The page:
Code:
    xmodmap -e "keysym Super_R = Pointer_DblClick_Dflt"
    and so on.

    Richard

  4. #4
    Join Date
    Feb 2009
    Beans
    39

    Re: xmodmap to remap my keyboard

    This is an old topic but it comes closer than any of the others I've seen to addressing my issue.

    That issue is, I can't find a good thorough explanation of how xmodmap is used to change modifier keys. I've looked at the man file and I'm no stranger to Google but...

    I'm using an Apple aluminum keyboard on a Dell running 9.10. It works fine, but I want to rearrange my modifier keys. I know that involves manipulating "mods" in xmodmap somehow -- that's what I can't find.

    My keyboard's bottom row, from left to right:

    control (keycode 37)
    option/alt (keycode 64)
    command (keycode 133)
    space
    command (keycode 134)
    option/alt (keycode 108)
    control (105)

    I've set nothing in keyboard preferences, but have used an .xmodmap file to change my two command keys to Alt_L and Alt_R, and the two option/alt keys to Meta_R and Meta_L.

    Now xev shows that the proper keys are producing the proper keycodes, my remapping is working, but the effects aren't what I wanted. All keyboard shortcuts that are listed as using Alt+something still use the actual option/alt key, rather than command, which is what I wanted.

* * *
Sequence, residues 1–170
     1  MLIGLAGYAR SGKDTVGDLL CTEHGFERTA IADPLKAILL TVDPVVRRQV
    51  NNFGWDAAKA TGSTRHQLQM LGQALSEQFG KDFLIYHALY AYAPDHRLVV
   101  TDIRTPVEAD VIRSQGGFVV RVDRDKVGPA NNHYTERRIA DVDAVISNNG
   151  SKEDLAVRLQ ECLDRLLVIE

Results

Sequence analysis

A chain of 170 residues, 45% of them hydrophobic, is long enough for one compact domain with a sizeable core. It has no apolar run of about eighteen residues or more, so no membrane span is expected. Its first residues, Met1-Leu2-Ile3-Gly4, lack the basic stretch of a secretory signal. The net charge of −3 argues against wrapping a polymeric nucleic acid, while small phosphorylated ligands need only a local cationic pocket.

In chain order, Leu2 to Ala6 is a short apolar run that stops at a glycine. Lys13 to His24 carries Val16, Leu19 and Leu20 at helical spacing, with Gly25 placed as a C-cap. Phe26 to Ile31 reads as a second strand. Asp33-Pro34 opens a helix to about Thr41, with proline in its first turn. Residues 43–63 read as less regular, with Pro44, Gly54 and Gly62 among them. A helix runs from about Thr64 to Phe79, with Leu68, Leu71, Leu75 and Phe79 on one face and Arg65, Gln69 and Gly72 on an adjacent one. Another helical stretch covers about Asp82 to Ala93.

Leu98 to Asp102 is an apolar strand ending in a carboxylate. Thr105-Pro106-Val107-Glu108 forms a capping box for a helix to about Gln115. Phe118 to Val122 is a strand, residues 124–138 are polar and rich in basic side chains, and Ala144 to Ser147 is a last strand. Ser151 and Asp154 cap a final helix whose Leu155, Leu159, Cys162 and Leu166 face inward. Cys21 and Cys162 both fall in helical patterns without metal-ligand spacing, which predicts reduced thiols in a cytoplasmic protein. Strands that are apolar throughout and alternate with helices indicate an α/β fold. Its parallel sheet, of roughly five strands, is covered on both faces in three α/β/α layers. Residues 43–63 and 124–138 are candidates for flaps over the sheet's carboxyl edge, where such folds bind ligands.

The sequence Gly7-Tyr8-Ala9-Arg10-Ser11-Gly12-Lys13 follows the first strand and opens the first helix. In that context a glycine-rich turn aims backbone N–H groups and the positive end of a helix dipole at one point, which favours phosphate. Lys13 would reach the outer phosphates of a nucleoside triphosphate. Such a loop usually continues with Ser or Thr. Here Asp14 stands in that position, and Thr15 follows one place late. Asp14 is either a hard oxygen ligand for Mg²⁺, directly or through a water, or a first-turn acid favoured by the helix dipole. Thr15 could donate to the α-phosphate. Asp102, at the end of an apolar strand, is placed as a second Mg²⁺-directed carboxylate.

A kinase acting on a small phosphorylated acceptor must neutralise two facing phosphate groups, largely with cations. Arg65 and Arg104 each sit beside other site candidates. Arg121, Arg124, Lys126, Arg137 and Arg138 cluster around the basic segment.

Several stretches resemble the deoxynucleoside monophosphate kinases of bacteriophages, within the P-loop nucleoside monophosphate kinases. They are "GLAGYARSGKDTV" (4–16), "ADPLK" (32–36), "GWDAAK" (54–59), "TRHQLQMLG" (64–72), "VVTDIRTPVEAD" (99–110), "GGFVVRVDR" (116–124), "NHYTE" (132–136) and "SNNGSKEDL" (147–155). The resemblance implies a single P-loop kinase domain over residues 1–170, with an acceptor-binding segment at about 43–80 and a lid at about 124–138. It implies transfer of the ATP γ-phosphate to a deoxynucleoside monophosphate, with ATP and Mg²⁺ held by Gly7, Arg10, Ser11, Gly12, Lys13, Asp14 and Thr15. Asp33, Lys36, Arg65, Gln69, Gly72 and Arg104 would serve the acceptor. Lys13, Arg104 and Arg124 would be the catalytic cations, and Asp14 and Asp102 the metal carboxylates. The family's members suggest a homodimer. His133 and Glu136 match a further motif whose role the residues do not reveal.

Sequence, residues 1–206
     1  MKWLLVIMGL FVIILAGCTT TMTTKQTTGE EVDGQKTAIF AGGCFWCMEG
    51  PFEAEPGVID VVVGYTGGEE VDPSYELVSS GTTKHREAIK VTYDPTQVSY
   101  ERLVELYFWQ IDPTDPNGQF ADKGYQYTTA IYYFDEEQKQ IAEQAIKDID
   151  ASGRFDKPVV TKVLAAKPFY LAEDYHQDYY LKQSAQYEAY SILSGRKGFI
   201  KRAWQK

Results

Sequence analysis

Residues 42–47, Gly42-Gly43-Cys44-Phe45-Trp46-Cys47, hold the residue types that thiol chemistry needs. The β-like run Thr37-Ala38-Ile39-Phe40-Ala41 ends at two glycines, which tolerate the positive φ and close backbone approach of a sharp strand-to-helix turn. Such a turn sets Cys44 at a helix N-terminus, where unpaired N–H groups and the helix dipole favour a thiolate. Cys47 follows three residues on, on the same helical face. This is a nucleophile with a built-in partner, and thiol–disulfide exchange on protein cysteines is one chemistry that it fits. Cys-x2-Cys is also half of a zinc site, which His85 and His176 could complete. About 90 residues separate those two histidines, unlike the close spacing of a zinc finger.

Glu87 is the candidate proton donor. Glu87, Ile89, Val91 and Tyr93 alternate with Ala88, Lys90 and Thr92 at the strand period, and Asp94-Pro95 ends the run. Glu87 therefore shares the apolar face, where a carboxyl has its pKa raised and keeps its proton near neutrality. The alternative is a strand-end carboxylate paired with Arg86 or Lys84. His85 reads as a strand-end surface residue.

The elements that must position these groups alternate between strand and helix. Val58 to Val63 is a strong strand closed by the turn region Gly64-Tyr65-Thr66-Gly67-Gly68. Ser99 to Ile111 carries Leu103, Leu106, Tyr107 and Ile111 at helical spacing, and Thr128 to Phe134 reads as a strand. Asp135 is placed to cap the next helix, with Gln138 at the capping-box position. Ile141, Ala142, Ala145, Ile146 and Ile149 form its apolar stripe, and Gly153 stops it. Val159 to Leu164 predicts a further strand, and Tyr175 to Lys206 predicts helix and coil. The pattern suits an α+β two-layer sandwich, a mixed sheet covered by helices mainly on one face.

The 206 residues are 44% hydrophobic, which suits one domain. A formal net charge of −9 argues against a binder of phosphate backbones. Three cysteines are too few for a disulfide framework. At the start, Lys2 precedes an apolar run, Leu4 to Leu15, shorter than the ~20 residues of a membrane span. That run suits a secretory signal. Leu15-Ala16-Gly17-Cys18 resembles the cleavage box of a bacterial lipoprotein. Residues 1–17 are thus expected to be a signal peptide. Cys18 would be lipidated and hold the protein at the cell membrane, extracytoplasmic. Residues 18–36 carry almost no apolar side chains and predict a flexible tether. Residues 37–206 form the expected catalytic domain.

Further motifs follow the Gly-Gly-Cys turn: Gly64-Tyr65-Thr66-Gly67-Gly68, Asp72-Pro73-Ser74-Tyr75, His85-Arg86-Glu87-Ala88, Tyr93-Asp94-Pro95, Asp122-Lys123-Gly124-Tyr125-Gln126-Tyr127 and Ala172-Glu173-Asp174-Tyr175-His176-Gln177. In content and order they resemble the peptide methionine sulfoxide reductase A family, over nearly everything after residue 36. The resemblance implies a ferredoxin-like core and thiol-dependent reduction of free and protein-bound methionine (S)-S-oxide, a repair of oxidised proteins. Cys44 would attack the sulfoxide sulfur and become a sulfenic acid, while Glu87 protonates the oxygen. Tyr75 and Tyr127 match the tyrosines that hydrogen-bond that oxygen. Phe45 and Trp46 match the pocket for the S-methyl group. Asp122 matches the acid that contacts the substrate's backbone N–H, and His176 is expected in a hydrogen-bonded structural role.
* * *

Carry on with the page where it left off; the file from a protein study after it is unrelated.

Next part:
For instance, Alt+F10 toggles maximization; if I click that shortcut and type in command+F10 instead, what's recorded is Alt+Mod4+F10, and I need to press BOTH the option/alt and command keys plus F10 to get the action. Presumably this is why there are "remove" statements in people's xmodmap files, but I don't know how to use them.

    tl;dr I'd like the machine to think I'm pressing alt when I press command, and think I'm pressing (what is that usually, the win key?) when I press option/alt. I'm good on control.

    Any pointers very much appreciated! Here, for the heck of it, is the output of xmodmap -pm:

    Code:
    shift       Shift_L (0x32),  Shift_R (0x3e)
    lock      
    control     Control_L (0x25),  Control_L (0x42),  Control_R (0x69)
    mod1        Super_L (0x40),  Super_R (0x6c),  Meta_L (0xcd)
    mod2        Num_Lock (0x4d)
    mod3      
    mod4        Alt_L (0x85),  Alt_R (0x86),  Super_L (0xce),  Hyper_L (0xcf)
    mod5        ISO_Level3_Shift (0x5c),  Mode_switch (0xcb)

  5. #5
    Join Date
    Feb 2009
    Beans
    39

    Re: xmodmap to remap my keyboard

    Okay, I've made a bit of progress through brute trial and error and these links:
    http://ubuntuforums.org/showthread.php?t=1035750
    http://www.linuxquestions.org/questi...d-keys-794513/